Also rotating these songs endlessly on your mp3 player is very important, you need to get them in your head.

    Now, to piss me off, the guitarist insisted on learning Hey Hey What Can I Do by Led Zeppelin, and so far out of 30+ songs in our set (we formed from scratch 6 weeks ago), this is the hardest of all, but most songs are much much easier.
  5. totallybacan


    Mar 30, 2009
    I know I won't have trouble playing them mostly note for note after a week or two if I'm lazy. I would really like to be play with this guy though because out of all the people I have encountered, he seems to know best about actauuly getting on the ball and getting gigs. Are you saying if I know the progression, most people won't realize the difference? As long as rhythms are followed, of course, I could just play the root the whole time?
  6. I think it sounds like he's assuming that you already know a bunch of the standard cover band stuff.
  7. totallybacan


    Mar 30, 2009
    Oh man that's what I was afraid of :/
  8. derrico1

    derrico1 Supporting Member

    Apr 12, 2005
    Charlottesville, VA
    If you're all cover band vets, you could do a gig in less a few days, except for this:

    If you don't know the material already, a three or four set gig with you also singing lead clearly isn't going to be happening this weekend. (That is, it might happen, but it won't be happening.)
  9. Thats a fun song with a nice JPJ bass line. My band didn't want to play that one - enjoy.

    As for the OP - I usually would like a few rehearsals before taking it in front of people. Even if they are basic tunes, it's good to get the beginnings and endings tight.
  10. Yup. Time to get busy, and fake your way through it. If you can play even one or two really, really well, grooving hard, and he's worth a damn, he'll recognize your talent and give you a break. Make sure it grooves.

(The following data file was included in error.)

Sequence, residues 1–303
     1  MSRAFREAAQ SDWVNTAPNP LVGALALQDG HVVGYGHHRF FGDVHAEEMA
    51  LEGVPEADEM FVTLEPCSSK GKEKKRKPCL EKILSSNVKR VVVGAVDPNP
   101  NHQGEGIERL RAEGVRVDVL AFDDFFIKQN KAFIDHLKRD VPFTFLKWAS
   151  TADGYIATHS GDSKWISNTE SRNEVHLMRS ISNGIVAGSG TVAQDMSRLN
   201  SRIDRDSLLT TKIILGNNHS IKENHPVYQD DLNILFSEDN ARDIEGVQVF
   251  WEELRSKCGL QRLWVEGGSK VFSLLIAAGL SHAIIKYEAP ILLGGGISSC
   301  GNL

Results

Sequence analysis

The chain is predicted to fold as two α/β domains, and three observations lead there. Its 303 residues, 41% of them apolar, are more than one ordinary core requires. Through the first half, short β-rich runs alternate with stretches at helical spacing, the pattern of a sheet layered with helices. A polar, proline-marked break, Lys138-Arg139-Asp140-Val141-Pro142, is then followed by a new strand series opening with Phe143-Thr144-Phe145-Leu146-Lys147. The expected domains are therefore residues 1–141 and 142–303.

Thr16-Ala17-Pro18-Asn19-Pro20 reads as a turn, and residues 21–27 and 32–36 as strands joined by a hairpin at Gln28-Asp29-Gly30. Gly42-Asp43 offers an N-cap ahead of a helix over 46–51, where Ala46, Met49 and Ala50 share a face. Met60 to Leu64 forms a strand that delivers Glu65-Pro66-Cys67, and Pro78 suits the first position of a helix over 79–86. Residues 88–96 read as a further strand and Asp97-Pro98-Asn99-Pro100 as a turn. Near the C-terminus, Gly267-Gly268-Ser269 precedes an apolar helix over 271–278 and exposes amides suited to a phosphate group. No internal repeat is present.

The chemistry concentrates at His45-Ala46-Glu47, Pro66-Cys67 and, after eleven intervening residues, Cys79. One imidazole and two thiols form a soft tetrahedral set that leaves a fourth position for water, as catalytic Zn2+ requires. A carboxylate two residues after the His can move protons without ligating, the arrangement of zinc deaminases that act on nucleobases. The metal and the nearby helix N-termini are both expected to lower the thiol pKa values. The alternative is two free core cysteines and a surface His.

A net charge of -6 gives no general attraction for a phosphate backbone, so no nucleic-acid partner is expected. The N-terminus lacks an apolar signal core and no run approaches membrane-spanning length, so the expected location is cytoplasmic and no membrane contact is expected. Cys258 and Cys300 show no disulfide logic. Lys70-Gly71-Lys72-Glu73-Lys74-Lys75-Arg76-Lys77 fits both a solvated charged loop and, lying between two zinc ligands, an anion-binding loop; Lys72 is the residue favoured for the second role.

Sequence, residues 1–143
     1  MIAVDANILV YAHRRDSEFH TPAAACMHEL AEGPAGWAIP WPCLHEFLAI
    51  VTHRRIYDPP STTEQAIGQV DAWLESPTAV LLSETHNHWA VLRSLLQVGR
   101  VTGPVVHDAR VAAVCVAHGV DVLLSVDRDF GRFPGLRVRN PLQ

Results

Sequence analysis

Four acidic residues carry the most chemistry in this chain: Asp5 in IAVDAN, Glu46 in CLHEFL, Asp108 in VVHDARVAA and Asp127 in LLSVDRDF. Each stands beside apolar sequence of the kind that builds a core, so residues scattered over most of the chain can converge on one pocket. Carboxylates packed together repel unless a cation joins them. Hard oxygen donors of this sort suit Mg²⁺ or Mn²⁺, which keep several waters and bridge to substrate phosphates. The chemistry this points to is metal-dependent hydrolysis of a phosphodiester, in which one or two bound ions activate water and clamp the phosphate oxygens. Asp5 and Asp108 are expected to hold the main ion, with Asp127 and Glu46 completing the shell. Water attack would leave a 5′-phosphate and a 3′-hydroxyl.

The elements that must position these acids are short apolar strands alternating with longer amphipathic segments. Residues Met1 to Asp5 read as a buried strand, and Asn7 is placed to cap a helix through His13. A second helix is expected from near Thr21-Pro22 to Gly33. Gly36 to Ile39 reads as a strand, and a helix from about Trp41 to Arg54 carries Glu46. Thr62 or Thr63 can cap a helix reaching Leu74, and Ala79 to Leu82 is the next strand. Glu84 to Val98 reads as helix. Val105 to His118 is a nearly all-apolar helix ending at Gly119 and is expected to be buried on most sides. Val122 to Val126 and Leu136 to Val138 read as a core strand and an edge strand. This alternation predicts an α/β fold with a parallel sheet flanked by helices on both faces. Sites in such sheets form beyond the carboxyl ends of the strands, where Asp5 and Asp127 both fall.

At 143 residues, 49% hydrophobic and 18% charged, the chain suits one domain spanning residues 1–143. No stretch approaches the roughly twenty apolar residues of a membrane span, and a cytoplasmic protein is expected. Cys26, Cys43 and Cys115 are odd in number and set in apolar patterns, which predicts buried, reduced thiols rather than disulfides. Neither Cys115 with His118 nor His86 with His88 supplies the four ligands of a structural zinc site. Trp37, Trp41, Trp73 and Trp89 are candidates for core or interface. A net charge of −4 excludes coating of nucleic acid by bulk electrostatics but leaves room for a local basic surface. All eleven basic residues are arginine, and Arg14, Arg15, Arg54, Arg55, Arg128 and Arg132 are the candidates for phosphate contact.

11. Get practicing!

    Nah but if you really don't think it'll be possible, just gently explain to the guy that you're new to the whole cover band thing and you're going to need a little more time.

    If he fires you or something, you can rest assured that you probably didn't wanna play with someone like that again.

    Let us know how it works out man
  12. It is a fun line but I never heard the song. All I ever had from Led Zep was a Best Of, and it did not include that one. Hey, that was before MP3s, Youtube, iTunes, Rhapsody, etc...

    So yeah, I have it in rotation.

    Ok, why is this thread in humor, and not in band management? Just checking.
  13. What really makes a big difference in this situation is how good & attentive the drummer is. I've been called in the afternoon to fill in on a gig the same night with cover bands that I have never played with, and been worried about the songs that I wasn't familiar with, but because the drummer knew the correct beats, where the breaks were, and did a fill when a chorus or bridge was coming up, it made me sound like I had been playing with that band for a while. It also help if the frontman knows how to lead the band.
    You should get together with them to go over the songs, and you'll have a good idea whether or not it will go well at the gig.
  14. I've done the jam cram a few times and this is my system.

    1. Pick the easiest/most familiar tunes and learn them first. Leave the less familiar/hard songs for last.

    2. Find and print tabs/standard notation from tab 911 etc. Helps if you can sight read tab/music.

    3. Listen to and practice to the youtube recorded or live versions. Make corrections to the tab based on what you're hearing. Downloading would take a bit more time.

    Good luck!